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Ostomy-related complications after emergent abdominal surgery a 2-year follow-up study

Lindholm, Elisabet; Persson, Eva LU ; Carlsson, Eva; Hallén, Anne Marie; Fingren, Jeanette and Berndtsson, Ina (2013) In Journal of Wound, Ostomy and Continence Nursing 40(6). p.603-610
Abstract

PURPOSE: The aim of this study was to prospectively evaluate ostomy-related complications and describe ostomy configuration in patients undergoing acute abdominal surgery. SUBJECTS AND SETTING: The study sample comprised 144 patients with a median age of 67 years (IOR: 53.5-78 years) who underwent an intestinal ostomy as part of an acute abdominal surgical procedure. The research setting was the surgical and gynecological clinics at the Sahlgrenska University Hospital in Gothenburg, Sweden. METHODS: Ostomy configuration, diameter, height, and the presence of stomal and peristomal complications were assessed by a WOC nurse 1 to 2 times while in hospital, once at the ostomy outpatient clinic 2 weeks after discharge, and at 3, 6, 12, and... (More)

PURPOSE: The aim of this study was to prospectively evaluate ostomy-related complications and describe ostomy configuration in patients undergoing acute abdominal surgery. SUBJECTS AND SETTING: The study sample comprised 144 patients with a median age of 67 years (IOR: 53.5-78 years) who underwent an intestinal ostomy as part of an acute abdominal surgical procedure. The research setting was the surgical and gynecological clinics at the Sahlgrenska University Hospital in Gothenburg, Sweden. METHODS: Ostomy configuration, diameter, height, and the presence of stomal and peristomal complications were assessed by a WOC nurse 1 to 2 times while in hospital, once at the ostomy outpatient clinic 2 weeks after discharge, and at 3, 6, 12, and 24 months following ostomy creation. RESULTS: The types of ostomies evaluated were end colos-tomy (58%), end ileostomy (18%), loop ileostomy (17%), and loop colostomy (7%). Most stomal or peristomal complications occurred within 1 year after surgery (31 of 57; 54.4%). Necrosis, separation, and stenosis were most common in patients with an end colostomy. Peristomal skin complications occurred in 45% of subjects during the first 6 months after surgery. The ostomy's diameter decreased significantly during the hospital course and over the first 2 weeks following hospital discharge in patients with end colostomy (P <.0001), end ileostomy (P <.0081), loop ileostomy (P =.008), and loop colostomy (ns). Patients with a low ostomy had peristomal skin problems ranging between 21% and 57% over this time period. The frequency of using a pouching system that incorporated convexity was highest in the case of loop ileostomy, used in 67% at 6 months. CONCLUSION: During the first 2 weeks after discharge, the physical configuration of the ostomy evolves and the pouching system must be frequently adjusted by a WOC nurse. Stomal and peristomal complications are prevalent during the first 2 postoperative years and especially during the first 6 months.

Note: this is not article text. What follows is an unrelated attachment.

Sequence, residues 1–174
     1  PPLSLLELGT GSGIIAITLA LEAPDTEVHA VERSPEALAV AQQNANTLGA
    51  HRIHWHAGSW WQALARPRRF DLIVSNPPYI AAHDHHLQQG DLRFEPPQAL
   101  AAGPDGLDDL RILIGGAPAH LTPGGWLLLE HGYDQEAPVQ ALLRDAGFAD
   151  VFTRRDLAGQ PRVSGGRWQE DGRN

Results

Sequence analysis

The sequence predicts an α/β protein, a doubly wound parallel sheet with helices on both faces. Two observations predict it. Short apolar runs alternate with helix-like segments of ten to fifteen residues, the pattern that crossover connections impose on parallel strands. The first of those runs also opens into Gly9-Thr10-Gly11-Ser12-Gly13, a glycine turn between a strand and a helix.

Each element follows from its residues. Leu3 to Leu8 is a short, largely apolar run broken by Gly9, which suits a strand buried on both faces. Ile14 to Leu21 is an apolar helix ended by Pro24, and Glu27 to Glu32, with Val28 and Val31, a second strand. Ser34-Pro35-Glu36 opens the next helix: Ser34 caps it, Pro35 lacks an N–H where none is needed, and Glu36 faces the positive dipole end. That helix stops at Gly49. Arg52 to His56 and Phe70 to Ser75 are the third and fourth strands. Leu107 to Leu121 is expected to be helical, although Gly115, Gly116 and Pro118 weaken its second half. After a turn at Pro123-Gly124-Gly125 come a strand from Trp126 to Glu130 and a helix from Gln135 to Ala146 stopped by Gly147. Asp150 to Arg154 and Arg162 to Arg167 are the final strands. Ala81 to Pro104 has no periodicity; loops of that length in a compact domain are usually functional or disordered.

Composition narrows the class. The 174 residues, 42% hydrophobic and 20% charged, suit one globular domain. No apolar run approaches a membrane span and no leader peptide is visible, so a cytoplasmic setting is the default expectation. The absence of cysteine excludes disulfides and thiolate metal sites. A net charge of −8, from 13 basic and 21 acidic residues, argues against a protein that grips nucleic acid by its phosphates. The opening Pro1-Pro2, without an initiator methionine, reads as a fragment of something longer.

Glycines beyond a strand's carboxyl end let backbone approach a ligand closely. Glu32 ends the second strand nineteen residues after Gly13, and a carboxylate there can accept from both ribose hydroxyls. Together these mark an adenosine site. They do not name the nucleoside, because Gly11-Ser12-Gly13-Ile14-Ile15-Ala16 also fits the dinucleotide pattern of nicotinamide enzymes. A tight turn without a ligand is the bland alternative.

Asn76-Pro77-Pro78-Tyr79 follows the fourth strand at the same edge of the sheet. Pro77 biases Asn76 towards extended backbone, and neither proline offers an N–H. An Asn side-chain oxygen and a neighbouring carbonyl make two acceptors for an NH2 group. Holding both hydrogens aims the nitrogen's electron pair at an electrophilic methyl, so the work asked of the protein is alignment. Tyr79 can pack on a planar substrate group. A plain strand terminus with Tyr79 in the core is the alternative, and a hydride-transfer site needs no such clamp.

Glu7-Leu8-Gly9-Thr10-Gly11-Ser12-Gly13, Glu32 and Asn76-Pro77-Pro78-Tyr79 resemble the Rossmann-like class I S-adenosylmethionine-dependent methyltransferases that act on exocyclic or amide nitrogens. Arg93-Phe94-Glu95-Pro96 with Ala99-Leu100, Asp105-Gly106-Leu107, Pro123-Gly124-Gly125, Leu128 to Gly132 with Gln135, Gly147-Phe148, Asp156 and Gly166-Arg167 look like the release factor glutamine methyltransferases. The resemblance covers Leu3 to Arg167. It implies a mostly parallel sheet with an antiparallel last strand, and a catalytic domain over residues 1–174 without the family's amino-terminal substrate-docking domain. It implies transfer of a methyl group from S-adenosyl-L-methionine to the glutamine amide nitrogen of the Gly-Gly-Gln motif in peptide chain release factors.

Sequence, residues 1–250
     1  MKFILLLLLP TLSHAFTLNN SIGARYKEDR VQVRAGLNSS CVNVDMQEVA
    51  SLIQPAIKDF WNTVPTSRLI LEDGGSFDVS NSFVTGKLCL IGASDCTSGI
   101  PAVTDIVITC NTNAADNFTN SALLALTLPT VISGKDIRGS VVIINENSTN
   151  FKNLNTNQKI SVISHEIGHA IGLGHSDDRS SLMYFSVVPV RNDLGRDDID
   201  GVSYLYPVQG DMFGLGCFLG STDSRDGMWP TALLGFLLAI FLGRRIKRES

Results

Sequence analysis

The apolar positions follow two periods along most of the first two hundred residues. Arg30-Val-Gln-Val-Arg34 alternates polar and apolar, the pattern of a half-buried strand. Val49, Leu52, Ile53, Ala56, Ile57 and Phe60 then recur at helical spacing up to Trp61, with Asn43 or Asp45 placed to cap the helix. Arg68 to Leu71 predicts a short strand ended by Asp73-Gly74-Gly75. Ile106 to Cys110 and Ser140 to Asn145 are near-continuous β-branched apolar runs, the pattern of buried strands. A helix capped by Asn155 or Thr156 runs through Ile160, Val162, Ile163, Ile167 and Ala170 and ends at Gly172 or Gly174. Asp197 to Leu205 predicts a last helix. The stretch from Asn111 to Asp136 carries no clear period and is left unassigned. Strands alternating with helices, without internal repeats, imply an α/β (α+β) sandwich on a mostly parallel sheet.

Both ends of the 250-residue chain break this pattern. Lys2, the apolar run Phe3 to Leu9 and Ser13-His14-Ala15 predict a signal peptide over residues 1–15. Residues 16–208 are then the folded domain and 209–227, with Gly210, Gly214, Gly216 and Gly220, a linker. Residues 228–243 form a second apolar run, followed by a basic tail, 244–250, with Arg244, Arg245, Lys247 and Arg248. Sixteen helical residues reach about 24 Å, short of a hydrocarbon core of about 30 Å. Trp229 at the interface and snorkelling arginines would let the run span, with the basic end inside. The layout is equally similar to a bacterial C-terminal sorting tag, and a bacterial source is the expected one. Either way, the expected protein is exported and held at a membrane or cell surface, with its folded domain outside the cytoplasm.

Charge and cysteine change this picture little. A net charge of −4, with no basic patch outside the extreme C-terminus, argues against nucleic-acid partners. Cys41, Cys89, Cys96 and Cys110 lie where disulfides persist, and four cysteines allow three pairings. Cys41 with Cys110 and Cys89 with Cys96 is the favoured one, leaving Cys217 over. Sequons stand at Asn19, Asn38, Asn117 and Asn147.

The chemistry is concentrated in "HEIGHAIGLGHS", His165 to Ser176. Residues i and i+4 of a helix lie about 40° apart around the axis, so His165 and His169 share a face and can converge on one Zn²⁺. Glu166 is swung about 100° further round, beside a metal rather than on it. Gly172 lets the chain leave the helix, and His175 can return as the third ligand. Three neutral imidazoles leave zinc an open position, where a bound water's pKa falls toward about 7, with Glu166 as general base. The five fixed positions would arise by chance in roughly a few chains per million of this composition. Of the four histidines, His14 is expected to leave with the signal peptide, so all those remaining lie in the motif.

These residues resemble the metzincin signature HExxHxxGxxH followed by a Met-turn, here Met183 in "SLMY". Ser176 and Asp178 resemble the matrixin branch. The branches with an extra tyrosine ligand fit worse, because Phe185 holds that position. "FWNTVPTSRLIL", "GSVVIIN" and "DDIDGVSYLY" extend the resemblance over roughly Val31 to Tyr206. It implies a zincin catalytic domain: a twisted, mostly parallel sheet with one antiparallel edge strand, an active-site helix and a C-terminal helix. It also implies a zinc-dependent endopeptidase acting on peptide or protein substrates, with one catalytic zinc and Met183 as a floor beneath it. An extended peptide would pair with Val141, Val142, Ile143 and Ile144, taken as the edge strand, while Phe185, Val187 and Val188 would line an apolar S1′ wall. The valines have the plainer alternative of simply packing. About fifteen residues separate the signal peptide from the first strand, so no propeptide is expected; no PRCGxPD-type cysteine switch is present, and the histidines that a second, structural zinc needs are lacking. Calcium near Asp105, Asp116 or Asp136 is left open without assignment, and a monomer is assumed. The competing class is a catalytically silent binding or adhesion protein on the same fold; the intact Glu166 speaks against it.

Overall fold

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author
publishing date
type
Contribution to journal
publication status
published
subject
keywords